Translation project completes Scripture for Qom

Argentine ethnic group reclaims cultural identity in a Christian context

Mar 2, 2015 by and

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In Fortín Lavalle, Argentina, 200 people celebrated the arrival of the first complete Bibles in the Qom language Dec. 13.

Church members in Fortín Lavalle, Argentina, celebrate the arrival of Bibles in the Qom language Dec. 13. — Argentine Bible Society

Church members in Fortín Lavalle, Argentina, celebrate the arrival of Bibles in the Qom language Dec. 13. — Argentine Bible Society

Qom is the original name of the Chaco’s Toba indigenous people — a name they are reclaiming.

The celebration marked the completion of a project begun in 2000. It completed the parts of the Old Testament not previously translated, and retranslated the New Testament to reflect current language.

Many groups — including the Mennonite team in the Chaco, indigenous churches and believers and the Argentine Bible Society — collaborated on the project.

Mennonite team members Luis Acosta and Richard Friesen coordinated indigenous translation teams.

Songs, dance and prayer accompanied a procession of the Bibles from the entrance of the church property to the place of worship, underneath the shade of a grove of trees.

Orlando Sánchez, one of the translators, said: “Today we are recovering our religion, our worldview,” according to an article on the Argentine Bible Society website.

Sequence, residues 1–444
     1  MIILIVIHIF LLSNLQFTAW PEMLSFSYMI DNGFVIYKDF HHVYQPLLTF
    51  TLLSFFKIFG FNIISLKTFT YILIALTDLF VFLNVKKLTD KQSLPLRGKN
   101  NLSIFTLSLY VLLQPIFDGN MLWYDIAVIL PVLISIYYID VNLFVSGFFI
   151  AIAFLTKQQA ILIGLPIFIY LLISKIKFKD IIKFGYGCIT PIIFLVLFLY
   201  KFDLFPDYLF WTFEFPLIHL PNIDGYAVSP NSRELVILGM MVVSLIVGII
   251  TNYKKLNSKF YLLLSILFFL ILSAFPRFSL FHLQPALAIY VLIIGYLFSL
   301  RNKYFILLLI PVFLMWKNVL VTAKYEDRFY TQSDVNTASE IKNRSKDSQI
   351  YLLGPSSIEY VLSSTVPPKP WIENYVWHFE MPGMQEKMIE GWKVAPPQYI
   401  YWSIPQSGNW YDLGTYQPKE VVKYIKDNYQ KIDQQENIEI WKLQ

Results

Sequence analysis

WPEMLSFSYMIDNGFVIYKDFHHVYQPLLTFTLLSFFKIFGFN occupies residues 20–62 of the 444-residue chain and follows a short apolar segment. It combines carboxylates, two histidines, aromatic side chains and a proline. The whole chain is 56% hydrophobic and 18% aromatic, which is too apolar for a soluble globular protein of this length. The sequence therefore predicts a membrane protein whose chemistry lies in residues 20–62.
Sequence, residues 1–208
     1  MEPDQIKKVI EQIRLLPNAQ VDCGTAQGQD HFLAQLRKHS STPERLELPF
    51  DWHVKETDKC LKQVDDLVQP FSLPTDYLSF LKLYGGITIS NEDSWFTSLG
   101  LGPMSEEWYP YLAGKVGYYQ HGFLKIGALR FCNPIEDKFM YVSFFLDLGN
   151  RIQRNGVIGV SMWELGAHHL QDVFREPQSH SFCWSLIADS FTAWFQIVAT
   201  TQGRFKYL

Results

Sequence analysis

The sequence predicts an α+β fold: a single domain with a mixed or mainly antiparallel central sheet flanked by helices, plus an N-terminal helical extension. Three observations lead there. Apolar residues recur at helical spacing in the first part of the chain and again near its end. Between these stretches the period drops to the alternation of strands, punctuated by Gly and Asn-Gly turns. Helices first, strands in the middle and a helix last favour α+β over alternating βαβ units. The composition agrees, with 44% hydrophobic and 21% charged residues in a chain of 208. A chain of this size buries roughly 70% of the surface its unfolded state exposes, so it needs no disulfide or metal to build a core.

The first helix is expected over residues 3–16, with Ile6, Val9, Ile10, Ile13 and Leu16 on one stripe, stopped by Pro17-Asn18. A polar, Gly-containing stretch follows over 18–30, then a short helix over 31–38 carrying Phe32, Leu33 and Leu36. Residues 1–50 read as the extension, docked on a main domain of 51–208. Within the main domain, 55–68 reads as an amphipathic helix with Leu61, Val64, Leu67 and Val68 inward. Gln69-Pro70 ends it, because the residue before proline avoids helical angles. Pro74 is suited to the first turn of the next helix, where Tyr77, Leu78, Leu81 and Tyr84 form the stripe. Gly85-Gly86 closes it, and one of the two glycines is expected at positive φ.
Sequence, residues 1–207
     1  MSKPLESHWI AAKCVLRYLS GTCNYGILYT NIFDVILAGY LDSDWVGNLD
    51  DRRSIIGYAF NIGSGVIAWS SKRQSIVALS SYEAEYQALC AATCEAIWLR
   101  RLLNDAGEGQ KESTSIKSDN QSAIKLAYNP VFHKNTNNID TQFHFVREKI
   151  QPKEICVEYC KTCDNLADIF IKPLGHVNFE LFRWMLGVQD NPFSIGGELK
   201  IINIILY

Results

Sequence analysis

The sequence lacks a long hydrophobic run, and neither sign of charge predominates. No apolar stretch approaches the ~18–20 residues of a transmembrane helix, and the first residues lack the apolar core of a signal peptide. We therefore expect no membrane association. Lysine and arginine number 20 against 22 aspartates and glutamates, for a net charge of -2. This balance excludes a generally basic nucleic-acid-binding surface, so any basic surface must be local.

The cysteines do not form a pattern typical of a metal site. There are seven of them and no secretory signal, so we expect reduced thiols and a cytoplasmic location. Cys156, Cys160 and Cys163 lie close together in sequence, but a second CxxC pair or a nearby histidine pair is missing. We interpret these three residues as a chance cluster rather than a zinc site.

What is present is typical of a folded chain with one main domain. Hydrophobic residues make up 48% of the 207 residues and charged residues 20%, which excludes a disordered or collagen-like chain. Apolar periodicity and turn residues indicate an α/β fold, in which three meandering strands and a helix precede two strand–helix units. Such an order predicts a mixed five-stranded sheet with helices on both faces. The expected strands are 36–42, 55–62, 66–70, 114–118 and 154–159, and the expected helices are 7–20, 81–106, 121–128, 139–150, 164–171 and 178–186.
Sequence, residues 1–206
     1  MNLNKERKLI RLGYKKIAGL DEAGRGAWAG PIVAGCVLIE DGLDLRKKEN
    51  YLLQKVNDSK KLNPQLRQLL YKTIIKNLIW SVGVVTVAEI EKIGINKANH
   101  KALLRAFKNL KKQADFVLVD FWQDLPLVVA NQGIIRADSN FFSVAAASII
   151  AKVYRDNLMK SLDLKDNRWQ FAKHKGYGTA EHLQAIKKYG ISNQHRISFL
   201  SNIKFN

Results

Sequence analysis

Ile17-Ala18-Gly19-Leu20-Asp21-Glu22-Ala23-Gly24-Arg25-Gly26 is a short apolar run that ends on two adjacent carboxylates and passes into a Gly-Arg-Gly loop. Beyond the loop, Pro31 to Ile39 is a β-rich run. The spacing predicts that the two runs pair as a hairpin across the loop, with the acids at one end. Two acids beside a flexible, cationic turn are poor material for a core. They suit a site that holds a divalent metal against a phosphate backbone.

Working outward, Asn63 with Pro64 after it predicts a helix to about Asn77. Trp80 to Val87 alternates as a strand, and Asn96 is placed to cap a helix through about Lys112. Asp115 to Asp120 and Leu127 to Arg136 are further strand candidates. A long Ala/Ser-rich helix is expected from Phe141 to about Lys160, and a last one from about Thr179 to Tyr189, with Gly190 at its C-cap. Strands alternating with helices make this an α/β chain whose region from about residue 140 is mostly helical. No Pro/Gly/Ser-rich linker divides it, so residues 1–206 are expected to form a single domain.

Juan Victorica, a Qom leader who led the Dec. 13 event, said that in the past people told the Qom that “being a Christian was making yourself like the people of European descent and leaving behind the Qom,” reported the Argentine Bible Society.

This included leaving behind the Qom language. Since then, the Qom have reclaimed their cultural identity in Christian expression.

“God is a Qom God,” Victorica said.

In a 2012 article, Rafael Mansilla, a Qom community leader, pastor and translator, said that although the Qom people have read the Bible in Spanish and portions in their own language for many years, the new translation would bring greater insights for native Qom speakers, finally able to read all of Scripture in their “heart language.”

Translating ‘Jesus’ film

Alfonsina and José Oyanguren, sent by Bragado Mennonite Church in Argentina and serving as international partnership associates with Mennonite Mission Network, helped coordinate another translation effort recently with the Evangelical Linguistic Missionary Association.

The project is the Jesus film, a movie about Jesus’ life according to the Gospel of Luke.

A cast of 26 Qom voice actors read the parts in a recording studio set up in the Oyangurens’ house.

“Each reader had only seconds to dub their voices to the movement of the actors,” wrote the Oyangurens in a letter.

They said the Qom language is a slow language, and the meaning changes if spoken quickly. So it was difficult to coordinate the spoken recording with the on-screen actions. They had to reduce the number of words in some of the actors’ lines without losing the meaning.

The five-hour dubbed movie should be ready this year. A CD of the audio will also be made.

“We would like to use the movie for biblical reflections in educational institutions, churches and homes,” the Oyangurens said.


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